Whisper it but, facing into 2015, there has been an outbreak of hope within the retail industry. After seven years of fretting across the retail spectrum, there appears to be some light at the end of the long, insolvency-littered tunnel through which the industry has just crawled. And not an oncoming train in sight.
The overall recovery has been under way in earnest for well over a year but domestic consumer demand has been the slowcoach of the economy – first to fall when the proverbial hit the fan and last to get back on its feet when the fiscal storms stopped raging. It is reasonably upright now.
This Christmas was the best for the industry since 2007, indicative of the lightening although still somewhat restrained mood of consumers heading into 2015.
Over the first 11 months of 2014 retail sales, excluding cars, rose by 2.1 per cent in value, according to the Central Statistics Office. Economists such as Davy’s Conall Mac Coille expect a similarly modest improvement in domestic spending over the next 12 months.
Not a party but certainly not funereal. Let’s see how water charges and the consumer-friendly Budget 2015 affect things.
Economics aside, it will be interesting in 2015 to observe the fortunes of several individual retailers.
First up: the grocery market and its leader Tesco, which has just had an annus horribilis. The behemoth, beset by an accounting scandal and the onslaught of discounters, has shown signs of stabilisation in recent weeks. According to Kantar data it holds just under a quarter share of the Irish grocery market, which is growing at 1.1 per cent. But its alarming sales decline is slowing.
Will Tesco hold on to its crown as the number one grocer in the State in 2015? SuperValu, which is on about 24.5 per cent, may have something to say about it. The latest supermarket ad tracker data from Nielsen and Checkout magazine shows Tesco has upped its advertising massively in the Irish market – by more than 100 per cent – so it won't lose top billing without a fight.
Group chief executive Dave Lewis is working on a turnaround strategy based upon price and store feel, which will be geared towards slowing the advance of Aldi and Lidl. Ireland is its most important European market outside of Britain, so Lewis is likely to spend a lot of time here.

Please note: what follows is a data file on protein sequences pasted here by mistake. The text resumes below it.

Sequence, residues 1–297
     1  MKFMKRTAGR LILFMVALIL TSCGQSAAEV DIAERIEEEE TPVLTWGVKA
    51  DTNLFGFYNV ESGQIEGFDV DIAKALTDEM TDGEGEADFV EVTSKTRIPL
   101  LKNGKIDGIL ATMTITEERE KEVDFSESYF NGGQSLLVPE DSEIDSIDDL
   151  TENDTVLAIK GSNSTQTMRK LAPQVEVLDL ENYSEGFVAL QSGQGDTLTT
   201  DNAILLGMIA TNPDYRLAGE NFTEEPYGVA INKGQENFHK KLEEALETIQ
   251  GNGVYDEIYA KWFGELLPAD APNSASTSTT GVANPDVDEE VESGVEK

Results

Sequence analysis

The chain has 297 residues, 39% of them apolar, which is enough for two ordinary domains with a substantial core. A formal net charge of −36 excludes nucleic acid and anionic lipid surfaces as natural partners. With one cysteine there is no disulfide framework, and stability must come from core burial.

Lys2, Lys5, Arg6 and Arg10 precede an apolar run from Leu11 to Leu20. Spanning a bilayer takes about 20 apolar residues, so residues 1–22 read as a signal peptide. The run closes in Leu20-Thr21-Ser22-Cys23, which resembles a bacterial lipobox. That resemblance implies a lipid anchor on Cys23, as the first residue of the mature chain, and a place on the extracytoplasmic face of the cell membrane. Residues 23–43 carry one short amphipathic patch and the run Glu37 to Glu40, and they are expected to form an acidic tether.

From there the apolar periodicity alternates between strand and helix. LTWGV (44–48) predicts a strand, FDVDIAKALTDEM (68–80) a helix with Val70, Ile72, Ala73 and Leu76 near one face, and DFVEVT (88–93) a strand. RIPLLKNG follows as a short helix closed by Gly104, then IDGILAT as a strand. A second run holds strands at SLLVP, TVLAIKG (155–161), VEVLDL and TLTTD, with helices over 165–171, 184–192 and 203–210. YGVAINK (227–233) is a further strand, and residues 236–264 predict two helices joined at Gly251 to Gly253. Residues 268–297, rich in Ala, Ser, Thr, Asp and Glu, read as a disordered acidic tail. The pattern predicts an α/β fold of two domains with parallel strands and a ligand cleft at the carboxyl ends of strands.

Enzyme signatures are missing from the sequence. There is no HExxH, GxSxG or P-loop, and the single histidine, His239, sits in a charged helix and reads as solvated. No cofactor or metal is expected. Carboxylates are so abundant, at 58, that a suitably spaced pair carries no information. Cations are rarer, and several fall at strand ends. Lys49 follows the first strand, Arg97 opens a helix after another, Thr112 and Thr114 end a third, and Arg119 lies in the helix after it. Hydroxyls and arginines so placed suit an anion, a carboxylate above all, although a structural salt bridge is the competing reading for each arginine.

The German discounters are both likely to tweak their offerings this year to adapt to the lightening mood of consumers, some of whom no longer self-flagellate with austerity-era food and even splash out on the odd treat.
Might we see more fresh bakeries or, heaven forbid, even a few meat counters in the discounters? Both will slip more well-known brands and “deluxe” ranges on to their shelves. Both will keep growing at a hectic pace.
Dunnes Stores, the biggest indigenous retailer, is likely to continue issuing vouchers to buy market share, although the general pick-up in home furnishing sales caused by the rising property market will help it pay the price.
In the world of department stores, keep a steady eye on Arnotts, the old lady of Dublin retailing. New York investment firm Apollo Management owns a 50 per cent stake in the store, while Canadian billionaire Galen Weston and the Square developer Noel Smyth own the rest. Each side wants to buy out the other, and management wants the standoff resolved.
In fuel and forecourts, Denis O’Brien is likely strengthen his position in the market if, as expected, his €3-billion-a- year Topaz chain buys rival network Esso. The Competition and Consumer Protection Commission may yet have some influence here.
Another company to keep an eye on this year is discount fashion retailer Primark, still known as Penneys on its home turf. The company, owned by Associated British Foods but run from Dublin, will open its first US store in Boston towards the end of the year. It is on the lookout for more deals for mall space, such as the agreement for up to seven stores it struck with Sears in October. It is a long shot, but don't rule out its owners spinning out Primark for a separate listing.
Looking back at the year that just was, insolvencies were a fixture in the retail industry, as they have been every year since 2008.
Elverys, which has more than 50 sportswear stores and 700 staff, was bought out of examinership by its management in April with backing from CapNua and AIB. With Nama as a major creditor of the Staunton brothers from Mayo who founded the chain, its sale in 2014 was inevitable. Management saw off stiff competition from Newcastle United owner Mike Ashley to land the deal.
Female fashion retailer A-Wear also shut its doors in 2014, after no suitable buyer emerged for its assets, which were put on the market by receiver Ken Fennell. The brand lives on in the digital world as an online store.
Another fashion retailer to slip into insolvency was the Irish outlets of Karen Millen, along with the associated Coast and Warehouse stores, which altogether have about 42 stores and concessions. An examiner was confirmed last month for the companies, which have a deficit of about €32 million. A buyer is currently being sought.
The year also saw the end of one of the best-known and loved brands of Irish retailing. Superquinn's 24 stores were rebranded in February by their owner Musgrave as SuperValu. The well-heeled denizens of south Dublin may never recover, although Cork-headquartered Musgrave is striving to keep up the stores' "posh" reputation.
In the convenience-store sector one of the biggest stories of 2014 was the buyout by Spar South Africa of an 80 per cent stake in BWG, which owns the Spar franchise in the Republic. The Irish company's management team retained a 20 per cent stake in the business, which has sales of €1.2 billion.
The BWG deal was all about the repayment of boom-time property debt, the banana skin that felled several other retailers in recent years. Hopefully that trend will peter out in 2015.